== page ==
In terms of competition, Edmonton is somewhat less saturated than other major Canadian cities. This can make for a smoother job search experience. Average salaries are competitive, with a median household income of around CAD 93,000. Furthermore, Edmonton’s cost of living is relatively lower than in Vancouver, which allows for a more comfortable standard of living.

Edmonton’s robust economy and relatively lower cost of living make it an appealing option for those looking for both professional growth and affordability.

Vancouver’s economic landscape is considerably diversified. Tech companies, both startups and established giants, have a significant presence here. The city is also a hub for the film industry, often dubbed “Hollywood North,” which provides numerous job opportunities in various creative fields. Tourism is another key industry, along with international trade due to its strategic port location.

When it comes to the job market, competition can be fierce, especially in high-demand sectors like technology and creative fields. Average salaries are relatively high, with a median household income of approximately CAD 76,000. However, it’s essential to factor in Vancouver’s higher cost of living, which can offset the seemingly attractive income levels. Whether you’re contemplating relocating with interprovincial movers to transition from one city to another, understanding each city’s economic underpinnings is critical.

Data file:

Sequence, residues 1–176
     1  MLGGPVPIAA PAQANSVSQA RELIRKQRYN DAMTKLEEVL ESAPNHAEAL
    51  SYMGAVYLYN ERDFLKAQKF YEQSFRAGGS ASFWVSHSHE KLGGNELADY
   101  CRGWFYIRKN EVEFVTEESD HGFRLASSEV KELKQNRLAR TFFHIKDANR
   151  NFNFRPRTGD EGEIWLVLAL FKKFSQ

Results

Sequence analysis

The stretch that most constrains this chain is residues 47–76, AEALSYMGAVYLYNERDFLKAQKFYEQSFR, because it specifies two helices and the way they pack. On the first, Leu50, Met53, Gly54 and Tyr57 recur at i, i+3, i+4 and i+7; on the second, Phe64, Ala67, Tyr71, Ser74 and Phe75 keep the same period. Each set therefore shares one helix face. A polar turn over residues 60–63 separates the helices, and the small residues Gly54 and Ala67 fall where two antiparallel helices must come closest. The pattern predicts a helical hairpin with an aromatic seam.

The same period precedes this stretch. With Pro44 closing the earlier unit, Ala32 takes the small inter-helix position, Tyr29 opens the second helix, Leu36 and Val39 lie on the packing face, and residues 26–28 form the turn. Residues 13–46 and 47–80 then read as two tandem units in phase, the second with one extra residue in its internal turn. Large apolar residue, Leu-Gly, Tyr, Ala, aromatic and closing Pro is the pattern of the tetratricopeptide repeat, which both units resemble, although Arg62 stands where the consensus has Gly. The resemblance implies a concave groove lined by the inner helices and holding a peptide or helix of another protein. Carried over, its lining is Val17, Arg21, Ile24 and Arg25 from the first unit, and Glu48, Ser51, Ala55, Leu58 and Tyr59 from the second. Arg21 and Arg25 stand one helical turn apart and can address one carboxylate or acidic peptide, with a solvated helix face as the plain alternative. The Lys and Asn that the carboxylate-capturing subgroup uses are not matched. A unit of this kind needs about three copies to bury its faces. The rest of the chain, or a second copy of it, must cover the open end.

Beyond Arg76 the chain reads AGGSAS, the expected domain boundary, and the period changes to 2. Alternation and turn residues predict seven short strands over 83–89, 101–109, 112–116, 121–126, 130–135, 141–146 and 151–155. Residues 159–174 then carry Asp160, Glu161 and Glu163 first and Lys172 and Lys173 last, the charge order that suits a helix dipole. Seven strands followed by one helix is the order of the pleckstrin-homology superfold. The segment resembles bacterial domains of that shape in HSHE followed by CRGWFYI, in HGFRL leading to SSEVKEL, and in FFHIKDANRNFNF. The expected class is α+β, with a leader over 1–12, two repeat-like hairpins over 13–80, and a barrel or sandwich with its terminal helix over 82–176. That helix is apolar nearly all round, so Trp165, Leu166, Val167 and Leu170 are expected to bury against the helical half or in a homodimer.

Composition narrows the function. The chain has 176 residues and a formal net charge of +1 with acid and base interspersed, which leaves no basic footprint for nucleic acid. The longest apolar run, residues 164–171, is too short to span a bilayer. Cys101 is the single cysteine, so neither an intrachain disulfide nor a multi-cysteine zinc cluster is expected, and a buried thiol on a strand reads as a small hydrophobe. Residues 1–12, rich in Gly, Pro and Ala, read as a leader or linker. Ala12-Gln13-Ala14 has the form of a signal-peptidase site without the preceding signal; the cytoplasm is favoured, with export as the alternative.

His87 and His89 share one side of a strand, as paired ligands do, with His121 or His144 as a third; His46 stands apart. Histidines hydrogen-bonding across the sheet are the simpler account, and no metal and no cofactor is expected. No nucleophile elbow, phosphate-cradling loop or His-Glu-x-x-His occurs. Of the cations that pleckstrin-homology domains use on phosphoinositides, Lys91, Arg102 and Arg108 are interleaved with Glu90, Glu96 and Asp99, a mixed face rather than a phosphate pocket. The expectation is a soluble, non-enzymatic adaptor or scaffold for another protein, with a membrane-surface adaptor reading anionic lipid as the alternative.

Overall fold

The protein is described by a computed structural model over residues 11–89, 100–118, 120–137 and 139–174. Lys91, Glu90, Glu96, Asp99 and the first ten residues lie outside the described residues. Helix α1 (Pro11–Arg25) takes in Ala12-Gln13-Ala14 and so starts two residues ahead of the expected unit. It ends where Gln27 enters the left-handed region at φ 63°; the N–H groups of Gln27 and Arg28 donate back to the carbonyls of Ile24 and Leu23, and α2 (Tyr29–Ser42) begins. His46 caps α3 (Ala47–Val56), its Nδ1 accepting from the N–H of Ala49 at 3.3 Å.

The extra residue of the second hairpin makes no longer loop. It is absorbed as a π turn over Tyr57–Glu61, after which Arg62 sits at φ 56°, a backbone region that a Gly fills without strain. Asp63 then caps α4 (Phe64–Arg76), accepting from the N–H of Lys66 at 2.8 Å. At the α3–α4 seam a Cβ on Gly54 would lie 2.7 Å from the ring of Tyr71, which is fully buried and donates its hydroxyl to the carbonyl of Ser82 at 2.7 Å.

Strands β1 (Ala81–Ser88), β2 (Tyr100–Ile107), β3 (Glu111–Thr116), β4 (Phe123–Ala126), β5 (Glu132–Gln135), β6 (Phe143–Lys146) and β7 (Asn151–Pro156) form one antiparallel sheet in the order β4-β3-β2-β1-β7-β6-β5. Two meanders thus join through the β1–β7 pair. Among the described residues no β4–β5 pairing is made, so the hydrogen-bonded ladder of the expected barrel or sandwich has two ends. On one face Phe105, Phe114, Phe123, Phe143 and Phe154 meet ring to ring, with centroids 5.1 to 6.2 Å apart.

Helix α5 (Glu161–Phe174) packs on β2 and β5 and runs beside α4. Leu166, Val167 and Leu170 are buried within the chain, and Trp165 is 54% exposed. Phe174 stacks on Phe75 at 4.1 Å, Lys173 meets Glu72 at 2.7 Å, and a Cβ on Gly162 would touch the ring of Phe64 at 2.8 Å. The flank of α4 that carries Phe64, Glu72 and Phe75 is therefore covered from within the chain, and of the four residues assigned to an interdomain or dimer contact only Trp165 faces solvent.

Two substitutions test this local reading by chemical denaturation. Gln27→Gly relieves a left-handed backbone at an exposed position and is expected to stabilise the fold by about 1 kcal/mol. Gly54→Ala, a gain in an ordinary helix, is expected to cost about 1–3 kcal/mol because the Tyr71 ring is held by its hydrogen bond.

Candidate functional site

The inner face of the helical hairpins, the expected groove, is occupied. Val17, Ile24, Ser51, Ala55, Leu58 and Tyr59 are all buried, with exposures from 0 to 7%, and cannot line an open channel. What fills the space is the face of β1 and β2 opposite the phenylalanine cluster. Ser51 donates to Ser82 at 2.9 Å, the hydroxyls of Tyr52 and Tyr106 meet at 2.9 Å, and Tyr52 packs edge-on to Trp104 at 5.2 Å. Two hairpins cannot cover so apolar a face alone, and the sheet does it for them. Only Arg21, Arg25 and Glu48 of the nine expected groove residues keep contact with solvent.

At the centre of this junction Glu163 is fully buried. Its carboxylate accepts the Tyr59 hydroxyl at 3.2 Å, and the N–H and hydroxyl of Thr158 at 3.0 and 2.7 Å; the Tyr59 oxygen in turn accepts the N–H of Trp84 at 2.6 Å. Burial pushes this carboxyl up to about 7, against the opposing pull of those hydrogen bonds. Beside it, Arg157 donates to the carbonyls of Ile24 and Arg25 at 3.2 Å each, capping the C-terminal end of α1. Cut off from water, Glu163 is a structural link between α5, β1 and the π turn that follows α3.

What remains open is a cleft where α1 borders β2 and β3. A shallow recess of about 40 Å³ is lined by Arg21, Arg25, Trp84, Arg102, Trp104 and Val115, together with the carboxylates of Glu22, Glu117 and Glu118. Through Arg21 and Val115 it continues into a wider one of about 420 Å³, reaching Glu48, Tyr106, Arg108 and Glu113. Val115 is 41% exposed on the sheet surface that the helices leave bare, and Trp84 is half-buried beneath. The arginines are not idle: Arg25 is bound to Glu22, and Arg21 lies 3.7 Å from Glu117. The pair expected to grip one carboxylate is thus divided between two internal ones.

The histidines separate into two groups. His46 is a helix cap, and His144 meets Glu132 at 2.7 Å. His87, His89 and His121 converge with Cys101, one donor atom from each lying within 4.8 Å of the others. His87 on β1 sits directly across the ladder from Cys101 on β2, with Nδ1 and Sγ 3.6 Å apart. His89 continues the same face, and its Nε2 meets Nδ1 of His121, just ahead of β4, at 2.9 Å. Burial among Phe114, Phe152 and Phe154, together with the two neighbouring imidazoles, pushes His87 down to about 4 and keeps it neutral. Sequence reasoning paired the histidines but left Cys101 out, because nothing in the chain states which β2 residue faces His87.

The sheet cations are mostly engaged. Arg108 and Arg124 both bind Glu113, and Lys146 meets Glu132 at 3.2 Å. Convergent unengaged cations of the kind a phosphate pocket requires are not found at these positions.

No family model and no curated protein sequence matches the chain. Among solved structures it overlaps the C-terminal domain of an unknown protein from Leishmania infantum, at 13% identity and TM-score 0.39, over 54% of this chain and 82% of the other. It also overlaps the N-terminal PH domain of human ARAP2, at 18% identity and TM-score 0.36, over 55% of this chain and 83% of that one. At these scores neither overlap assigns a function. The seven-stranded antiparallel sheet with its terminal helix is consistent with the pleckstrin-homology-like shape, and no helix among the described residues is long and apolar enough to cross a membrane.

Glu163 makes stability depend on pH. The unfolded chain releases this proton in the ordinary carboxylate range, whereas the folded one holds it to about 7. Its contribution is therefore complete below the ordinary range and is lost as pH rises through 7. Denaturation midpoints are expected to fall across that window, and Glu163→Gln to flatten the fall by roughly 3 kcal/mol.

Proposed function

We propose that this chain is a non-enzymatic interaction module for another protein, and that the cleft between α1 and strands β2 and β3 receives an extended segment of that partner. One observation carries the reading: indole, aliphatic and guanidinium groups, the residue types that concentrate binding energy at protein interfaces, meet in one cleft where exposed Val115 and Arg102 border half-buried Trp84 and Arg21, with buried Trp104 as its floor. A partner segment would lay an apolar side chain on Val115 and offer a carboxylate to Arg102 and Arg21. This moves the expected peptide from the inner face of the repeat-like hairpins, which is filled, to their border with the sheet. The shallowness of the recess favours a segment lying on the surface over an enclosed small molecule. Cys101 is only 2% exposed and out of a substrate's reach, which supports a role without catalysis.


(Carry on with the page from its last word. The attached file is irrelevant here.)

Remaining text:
Housing and cost of living

In Edmonton, housing remains one of its most attractive features, particularly for those looking to buy. As of the latest data, the average home price stands at around CAD 375,000, significantly lower than in Vancouver. Renting is also relatively more affordable, with the average rent for a one-bedroom apartment in the city center hovering around CAD 1,100 per month.

  • The cost of goods, services, and utilities in Edmonton is generally lower compared to Vancouver.